The claimant filed an appeal to the Supreme Court arguing that the language found in W. Va. Code § 23-4-16(d)(2) does not permit a self-insured employer to reopen a PTD award to determine continuing eligibility, even though the first line of that statute specifically grants said authority.  The claimant’s counsel asserted that the language stating that the former employer “shall not be a party to the re-evaluation” prohibited the action taken by the self-insured employer in this case.  In the appeal, the claimant’s counsel acknowledged that he was arguing a technicality; however, he used this technicality to advocate that his client continue to receive the PTD award previously granted to him. 

Counsel for the employer argued before the Supreme Court that workers’ compensation benefits should not be denied or granted based on technicalities, and as there is no longer a Workers’ Compensation Commission and as our system is now privatized, the employer or its agent must be involved in the re-evaluation of PTD awards.  Additionally, the employer argued before the Court that the evidence showed that the claimant was able to work and the only factor preventing his re-entry into the workforce was his own concern over losing his social security and PTD checks.  The claimant determined that he would make less working as a security guard than he did from his disability payments; and for this reason, he believed that his PTD benefits should not be suspended. 

As the standards for obtaining a PTD award are significantly more stringent than previously, this amendment allows the carriers and self-insured employers to reopen claims where able-bodied workers have been receiving PTD benefits and determine that these claimants are no longer eligible for these benefits where they are able to work under the new standards for determining PTD eligibility.  However, this code section has not been regularly utilized by private carriers and self-insured employers, as there has been no interpretation of it by the Supreme Court.  This issue has now been briefed and argued before the Supreme Court.  Workers’ compensation practitioners can expect a decision hopefully during this Fall term.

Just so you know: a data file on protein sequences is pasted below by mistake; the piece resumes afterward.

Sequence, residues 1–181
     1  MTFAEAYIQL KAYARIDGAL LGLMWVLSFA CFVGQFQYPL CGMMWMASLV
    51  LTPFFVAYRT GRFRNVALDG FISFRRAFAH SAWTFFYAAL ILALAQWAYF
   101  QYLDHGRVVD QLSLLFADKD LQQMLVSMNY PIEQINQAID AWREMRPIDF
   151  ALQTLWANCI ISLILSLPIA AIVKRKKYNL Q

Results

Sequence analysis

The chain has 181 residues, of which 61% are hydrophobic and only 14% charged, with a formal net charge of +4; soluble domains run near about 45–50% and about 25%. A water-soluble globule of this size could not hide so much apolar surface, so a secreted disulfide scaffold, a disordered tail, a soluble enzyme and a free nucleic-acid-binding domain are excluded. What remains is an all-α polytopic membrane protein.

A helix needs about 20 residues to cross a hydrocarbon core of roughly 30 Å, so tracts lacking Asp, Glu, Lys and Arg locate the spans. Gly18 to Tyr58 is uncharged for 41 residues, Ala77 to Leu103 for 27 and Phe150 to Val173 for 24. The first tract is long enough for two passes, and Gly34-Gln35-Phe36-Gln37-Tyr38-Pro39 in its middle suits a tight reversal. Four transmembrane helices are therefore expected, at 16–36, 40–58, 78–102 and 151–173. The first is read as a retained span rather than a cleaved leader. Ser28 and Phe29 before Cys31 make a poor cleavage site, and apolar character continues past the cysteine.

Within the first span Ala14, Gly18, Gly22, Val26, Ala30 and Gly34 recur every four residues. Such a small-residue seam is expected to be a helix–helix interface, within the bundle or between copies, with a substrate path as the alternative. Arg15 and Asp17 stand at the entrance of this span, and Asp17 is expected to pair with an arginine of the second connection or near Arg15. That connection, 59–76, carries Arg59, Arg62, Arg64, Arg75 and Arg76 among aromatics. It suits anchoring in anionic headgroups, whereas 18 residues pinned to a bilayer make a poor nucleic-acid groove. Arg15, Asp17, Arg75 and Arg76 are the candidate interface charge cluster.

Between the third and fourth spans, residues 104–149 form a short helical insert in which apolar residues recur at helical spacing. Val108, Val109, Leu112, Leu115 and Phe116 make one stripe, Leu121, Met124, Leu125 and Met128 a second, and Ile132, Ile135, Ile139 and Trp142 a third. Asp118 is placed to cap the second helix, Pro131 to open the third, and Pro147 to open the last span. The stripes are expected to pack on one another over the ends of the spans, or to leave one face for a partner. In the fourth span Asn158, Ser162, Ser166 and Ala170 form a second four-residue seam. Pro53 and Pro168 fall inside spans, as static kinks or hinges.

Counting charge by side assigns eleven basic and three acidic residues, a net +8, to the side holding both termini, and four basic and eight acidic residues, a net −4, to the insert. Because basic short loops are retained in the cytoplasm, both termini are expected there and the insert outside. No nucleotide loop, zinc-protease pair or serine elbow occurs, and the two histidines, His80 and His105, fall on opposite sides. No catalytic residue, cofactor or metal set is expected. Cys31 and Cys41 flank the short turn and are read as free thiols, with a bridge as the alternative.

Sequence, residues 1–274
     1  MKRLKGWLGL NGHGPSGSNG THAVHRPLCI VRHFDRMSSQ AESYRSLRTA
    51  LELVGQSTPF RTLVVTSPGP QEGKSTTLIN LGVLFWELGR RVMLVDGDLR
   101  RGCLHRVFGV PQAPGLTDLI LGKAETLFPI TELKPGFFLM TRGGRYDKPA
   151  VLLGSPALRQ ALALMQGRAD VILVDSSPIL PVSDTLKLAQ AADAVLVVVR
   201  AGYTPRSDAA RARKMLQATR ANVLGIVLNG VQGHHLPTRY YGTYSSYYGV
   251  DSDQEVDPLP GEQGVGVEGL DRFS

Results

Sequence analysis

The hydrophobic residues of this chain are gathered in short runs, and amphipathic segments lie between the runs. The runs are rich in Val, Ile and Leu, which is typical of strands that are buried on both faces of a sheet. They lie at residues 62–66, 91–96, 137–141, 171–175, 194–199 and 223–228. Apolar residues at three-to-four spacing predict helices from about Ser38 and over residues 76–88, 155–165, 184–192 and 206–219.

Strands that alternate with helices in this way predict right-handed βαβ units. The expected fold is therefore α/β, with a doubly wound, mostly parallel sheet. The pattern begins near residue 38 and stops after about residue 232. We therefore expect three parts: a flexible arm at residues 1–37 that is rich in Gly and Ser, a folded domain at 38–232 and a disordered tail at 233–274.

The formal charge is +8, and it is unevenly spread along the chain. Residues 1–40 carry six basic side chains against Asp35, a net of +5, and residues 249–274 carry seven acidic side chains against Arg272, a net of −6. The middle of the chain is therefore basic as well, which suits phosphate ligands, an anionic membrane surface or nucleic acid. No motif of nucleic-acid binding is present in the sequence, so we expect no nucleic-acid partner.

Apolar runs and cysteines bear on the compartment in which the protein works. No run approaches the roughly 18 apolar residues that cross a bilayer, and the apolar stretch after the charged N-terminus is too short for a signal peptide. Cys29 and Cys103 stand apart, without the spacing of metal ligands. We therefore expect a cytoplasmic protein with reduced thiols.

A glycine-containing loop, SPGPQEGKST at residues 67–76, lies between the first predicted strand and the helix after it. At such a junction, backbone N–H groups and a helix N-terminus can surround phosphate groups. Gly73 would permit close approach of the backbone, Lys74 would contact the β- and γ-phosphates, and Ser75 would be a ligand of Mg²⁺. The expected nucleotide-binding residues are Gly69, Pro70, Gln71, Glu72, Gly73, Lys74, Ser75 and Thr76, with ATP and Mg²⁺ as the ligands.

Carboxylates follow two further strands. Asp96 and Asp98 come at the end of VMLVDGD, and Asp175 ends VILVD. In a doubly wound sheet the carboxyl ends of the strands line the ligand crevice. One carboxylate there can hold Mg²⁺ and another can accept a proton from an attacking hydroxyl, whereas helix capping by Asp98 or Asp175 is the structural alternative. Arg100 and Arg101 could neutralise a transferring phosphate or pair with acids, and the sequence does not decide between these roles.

Alyssa Sloan focuses her practice in the defense of litigating claims involving workplace injuries and illnesses and related employment matters. She has represented employers in more than one thousand (1,000) protests before the Workers' Compensation Office of Judges and has extensive experience in the appellate practice of worker's compensation claims before both the West Virginia Workers' Compensation Board of Review and the West Virginia Supreme Court of Appeals.